Cinesite Gives Marmaduke Some Bite
Karen Moltenbrey
July 8, 2010

Cinesite Gives Marmaduke Some Bite

Cinesite, a leading film visual effects house, has completed over 650 shots on the new Twentieth Century Fox film Marmaduke.

Originally based on a newspaper comic strip by Brad Anderson, the film follows the story of a suburban family that moves into a new neighborhood with their large, loveable Great Dane, Marmaduke, which has a tendency to wreak havoc in his own, oblivious way. Directed by Tom Dey, the film plays host to a raft of celebrity voices including Owen Wilson (Marmaduke), George Lopez (Carlos), Kiefer Sutherland (Bosco), and Fergie (Jezebel).

Working for a total of 11 months on the film, Cinesite’s visual effects supervisor Matt Johnson and his team centered their pipeline on existing proprietary software and custom-built tools to overcome the series of challenges that animating 10 different live-action dogs created. “It was a massive task for us,” explains Johnson. “Placing CGI faces over live-action animals sounds like a simple task, but each breed of dog or cat brought its own unique challenges, and the detailing involved meant we had to push our pipeline to its limits.”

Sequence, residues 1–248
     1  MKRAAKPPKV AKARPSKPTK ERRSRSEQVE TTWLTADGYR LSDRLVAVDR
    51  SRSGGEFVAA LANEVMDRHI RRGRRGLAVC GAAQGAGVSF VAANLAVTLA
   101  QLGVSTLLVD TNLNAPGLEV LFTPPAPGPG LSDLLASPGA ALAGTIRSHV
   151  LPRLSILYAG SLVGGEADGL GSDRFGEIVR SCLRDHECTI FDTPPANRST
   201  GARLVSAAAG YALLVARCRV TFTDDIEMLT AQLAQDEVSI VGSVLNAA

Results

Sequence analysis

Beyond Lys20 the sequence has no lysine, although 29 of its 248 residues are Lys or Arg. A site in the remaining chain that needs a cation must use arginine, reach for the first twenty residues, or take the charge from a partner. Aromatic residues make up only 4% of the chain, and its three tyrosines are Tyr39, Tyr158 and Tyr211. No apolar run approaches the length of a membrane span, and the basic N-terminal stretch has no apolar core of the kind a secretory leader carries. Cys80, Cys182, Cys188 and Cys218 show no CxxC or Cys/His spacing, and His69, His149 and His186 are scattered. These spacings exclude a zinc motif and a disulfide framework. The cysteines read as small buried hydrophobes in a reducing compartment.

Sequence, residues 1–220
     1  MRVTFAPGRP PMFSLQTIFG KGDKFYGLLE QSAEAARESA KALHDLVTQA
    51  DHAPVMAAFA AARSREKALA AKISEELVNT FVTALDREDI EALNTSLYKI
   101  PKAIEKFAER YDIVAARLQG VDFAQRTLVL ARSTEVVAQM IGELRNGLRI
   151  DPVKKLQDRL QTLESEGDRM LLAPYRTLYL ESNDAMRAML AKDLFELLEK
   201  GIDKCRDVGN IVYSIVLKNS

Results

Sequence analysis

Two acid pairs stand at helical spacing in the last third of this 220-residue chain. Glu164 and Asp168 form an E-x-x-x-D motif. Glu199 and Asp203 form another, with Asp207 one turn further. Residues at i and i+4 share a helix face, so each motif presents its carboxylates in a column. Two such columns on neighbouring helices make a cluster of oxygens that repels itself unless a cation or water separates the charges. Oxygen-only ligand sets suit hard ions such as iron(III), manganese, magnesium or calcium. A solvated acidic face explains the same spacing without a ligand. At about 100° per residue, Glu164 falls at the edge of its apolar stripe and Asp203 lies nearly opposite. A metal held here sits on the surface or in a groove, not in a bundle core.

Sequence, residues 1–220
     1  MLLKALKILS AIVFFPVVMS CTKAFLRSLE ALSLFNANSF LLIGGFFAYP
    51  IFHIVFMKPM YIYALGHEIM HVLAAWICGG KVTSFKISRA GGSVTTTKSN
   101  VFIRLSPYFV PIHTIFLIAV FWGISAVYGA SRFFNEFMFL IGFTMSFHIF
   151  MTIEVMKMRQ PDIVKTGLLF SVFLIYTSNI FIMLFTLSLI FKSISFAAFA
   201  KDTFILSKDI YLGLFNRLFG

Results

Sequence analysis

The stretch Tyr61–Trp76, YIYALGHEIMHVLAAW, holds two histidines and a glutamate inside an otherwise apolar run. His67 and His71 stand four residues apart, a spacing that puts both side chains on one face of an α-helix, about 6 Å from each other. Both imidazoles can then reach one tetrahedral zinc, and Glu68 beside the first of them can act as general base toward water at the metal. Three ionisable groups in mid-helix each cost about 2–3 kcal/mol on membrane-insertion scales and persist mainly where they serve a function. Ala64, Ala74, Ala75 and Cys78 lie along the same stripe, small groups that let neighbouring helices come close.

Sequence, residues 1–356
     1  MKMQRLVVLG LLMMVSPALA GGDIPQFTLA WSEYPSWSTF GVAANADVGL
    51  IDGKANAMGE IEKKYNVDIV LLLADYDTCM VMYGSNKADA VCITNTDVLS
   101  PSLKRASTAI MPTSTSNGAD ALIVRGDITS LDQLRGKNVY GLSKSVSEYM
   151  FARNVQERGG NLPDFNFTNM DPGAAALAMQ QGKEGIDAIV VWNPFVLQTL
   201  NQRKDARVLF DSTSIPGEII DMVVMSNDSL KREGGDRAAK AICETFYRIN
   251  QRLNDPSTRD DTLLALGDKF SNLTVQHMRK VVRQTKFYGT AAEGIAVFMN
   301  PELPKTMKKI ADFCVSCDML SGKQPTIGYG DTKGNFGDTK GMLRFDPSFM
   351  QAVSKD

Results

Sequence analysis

Cinesite used a hybrid technique, which involved combining fully textured and lit CG passes with parts of the original photography re-projected over the animated geometry. To create the CG faces of the different canine characters, Matt’s team built base head models in Autodesk’s Maya using photographic references of the dog actors. Blendshapes based on individual muscle shapes were then integrated into the rig using in-house tools. The muscles were further defined in the animation process. A customized rig was designed to mimic the muscle structure of a dog, and this became the primary layer of canine muscles. The muscles were further defined on a secondary layer, mimicking the muscles of a human face.

“Because the dogs had human traits about them, we had a team of artists studying facial expressions and writing muscle codes that could be added into our pipeline,” continues Johnson. “We carefully studied Owen Wilson’s mannerisms and reflected this in the expressions we gave Marmaduke beyond simply making the dog talk. We were attempting to capture a real sense of Owen Wilson in a 200-pound Great Dane.”

In many shots, Cinesite further defined Marmaduke by adding in 3D eyes and whiskers. “Using Cinesite’s hybrid texture projection and CG fur techniques allowed our talking animals to sit seamlessly alongside the production’s live-action animal performances,” adds Johnson.

The final result was the creation of 10 live-action dogs that have had CGI work seamlessly blended into their faces and around their necks to sit pixel by pixel alongside the real fur.